Medical breakthroughs, better hygiene, better sanitation and education have helped us all live longer.
Modern society is replete with examples of happy, healthy children.
Yet historically, this wasn’t always the case.
The jump in the world’s birth rate is a result of a dramatic rise in human life expectancy, sparked by advances in the treatment of disease common to different stages of life.
Infancy is the first stage, and here medicine has made huge strides. Not so long ago, it was common for children to die before they reached adolescence.
Thanks to improvements in vaccinations, general hygiene and other breakthroughs in medicine like the discovery of antibiotics, many deadly childhood diseases such as smallpox have been mostly eradicated.
Society at large knows more about good nutrition and proper health care, too.
All these elements taken together mean children live healthier, longer lives.
A child born in 1914, for example, had a one percent chance of living to 100; a child born in 2014 has a 50 percent chance of living that long.
Middle age is the second life stage, and here, many common diseases are now better understood and treated.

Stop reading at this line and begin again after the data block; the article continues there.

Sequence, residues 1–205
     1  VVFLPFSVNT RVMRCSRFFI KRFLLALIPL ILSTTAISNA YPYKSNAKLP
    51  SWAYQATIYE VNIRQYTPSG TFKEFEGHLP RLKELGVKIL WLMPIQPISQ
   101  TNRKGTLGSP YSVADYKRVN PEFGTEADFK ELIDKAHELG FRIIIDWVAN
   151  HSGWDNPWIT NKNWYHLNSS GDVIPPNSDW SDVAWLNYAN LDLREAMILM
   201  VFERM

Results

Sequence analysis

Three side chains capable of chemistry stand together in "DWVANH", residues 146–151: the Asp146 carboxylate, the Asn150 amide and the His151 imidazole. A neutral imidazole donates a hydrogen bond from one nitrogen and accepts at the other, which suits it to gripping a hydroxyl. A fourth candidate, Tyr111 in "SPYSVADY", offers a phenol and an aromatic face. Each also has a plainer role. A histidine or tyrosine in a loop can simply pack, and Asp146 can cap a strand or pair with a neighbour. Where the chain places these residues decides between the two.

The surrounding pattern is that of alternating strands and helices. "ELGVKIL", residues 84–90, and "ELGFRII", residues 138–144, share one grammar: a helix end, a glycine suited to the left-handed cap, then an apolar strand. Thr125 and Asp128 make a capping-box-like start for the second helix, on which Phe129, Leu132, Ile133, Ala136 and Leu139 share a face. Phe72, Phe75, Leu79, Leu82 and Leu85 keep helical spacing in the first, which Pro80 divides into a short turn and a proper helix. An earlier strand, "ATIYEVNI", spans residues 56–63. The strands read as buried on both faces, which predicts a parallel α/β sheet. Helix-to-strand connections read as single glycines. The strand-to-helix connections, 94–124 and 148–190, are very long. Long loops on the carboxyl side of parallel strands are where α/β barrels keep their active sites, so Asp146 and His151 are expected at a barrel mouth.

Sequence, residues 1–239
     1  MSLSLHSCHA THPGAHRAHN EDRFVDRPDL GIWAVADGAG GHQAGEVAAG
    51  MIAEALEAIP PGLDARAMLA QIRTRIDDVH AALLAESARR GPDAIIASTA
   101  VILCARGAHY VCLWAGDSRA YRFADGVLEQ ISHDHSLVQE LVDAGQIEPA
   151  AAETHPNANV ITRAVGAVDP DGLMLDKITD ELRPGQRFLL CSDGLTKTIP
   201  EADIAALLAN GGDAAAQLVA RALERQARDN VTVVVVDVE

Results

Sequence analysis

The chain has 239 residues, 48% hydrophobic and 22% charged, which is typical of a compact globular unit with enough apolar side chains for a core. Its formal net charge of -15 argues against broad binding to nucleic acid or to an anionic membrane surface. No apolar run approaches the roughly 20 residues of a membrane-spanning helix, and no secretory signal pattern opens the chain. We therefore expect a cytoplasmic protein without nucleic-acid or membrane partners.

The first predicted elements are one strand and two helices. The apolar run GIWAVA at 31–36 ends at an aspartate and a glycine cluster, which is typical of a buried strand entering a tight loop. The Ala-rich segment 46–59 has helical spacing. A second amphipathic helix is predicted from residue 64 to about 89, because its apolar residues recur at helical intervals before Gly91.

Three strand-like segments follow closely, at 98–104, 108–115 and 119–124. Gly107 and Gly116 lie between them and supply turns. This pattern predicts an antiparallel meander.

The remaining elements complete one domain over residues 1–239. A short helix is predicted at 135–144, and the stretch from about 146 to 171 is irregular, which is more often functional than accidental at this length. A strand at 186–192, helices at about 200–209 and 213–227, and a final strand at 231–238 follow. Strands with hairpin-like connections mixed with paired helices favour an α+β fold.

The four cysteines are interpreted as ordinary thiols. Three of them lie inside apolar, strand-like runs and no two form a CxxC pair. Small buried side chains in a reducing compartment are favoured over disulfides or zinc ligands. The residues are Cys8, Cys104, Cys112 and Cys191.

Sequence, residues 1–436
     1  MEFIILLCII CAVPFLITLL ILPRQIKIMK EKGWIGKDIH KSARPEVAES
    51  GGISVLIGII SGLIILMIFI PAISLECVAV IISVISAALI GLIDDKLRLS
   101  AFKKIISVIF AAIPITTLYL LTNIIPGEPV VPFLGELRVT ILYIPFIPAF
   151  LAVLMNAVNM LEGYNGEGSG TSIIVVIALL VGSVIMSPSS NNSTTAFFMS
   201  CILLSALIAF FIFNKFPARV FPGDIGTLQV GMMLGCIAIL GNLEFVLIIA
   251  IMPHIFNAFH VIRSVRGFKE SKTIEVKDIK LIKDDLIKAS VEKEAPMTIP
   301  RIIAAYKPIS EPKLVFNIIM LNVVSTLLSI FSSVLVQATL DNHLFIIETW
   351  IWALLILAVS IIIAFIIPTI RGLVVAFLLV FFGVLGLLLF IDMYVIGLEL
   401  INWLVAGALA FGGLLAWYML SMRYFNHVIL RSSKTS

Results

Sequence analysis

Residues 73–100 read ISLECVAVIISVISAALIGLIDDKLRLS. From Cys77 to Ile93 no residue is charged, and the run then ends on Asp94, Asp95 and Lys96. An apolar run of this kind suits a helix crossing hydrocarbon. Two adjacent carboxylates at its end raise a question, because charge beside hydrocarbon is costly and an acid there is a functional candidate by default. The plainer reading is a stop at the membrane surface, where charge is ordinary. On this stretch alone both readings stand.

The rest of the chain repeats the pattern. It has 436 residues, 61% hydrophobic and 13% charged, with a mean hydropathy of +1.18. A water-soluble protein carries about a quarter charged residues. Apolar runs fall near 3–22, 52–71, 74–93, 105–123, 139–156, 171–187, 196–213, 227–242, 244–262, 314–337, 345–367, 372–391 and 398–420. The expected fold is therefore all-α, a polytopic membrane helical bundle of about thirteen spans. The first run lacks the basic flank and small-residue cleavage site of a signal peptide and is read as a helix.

In the second half of the twentieth century, for example, medical science was able to develop more sophisticated ways to diagnose and treat illnesses such as cancer and cardiovascular disease.
Around the same time, new research pointed to ways people could further improve health, while better education got the word out. Smoking was finally seen for the killer it is, which resulted in regulations over tobacco ads and aggressive public health campaigns addressing the risks of smoking.
Today, science is examining the third life stage – old age.
Breakthroughs here are certain to produce yet another increase in human life expectancy.
Old-age diseases such as Alzheimer’s affect both the quality and length of a patient’s life. Diligent research into diseases like this mean that we’re seeing results, and elderly people are indeed living longer, healthier lives as well.
In 1950, for example, a 90-year-old man living in England had a 30 percent chance of dying within a year; today, that estimate is now 20 percent.
Improved nutrition, advanced medical technology and better sanitation are all to thank for this extension of human life.
Some powerful things in our power that we can do from today is to have regular blood work done, have genetic health reports and educate ourselves to better understand how nutrition affects us personally and our longevity.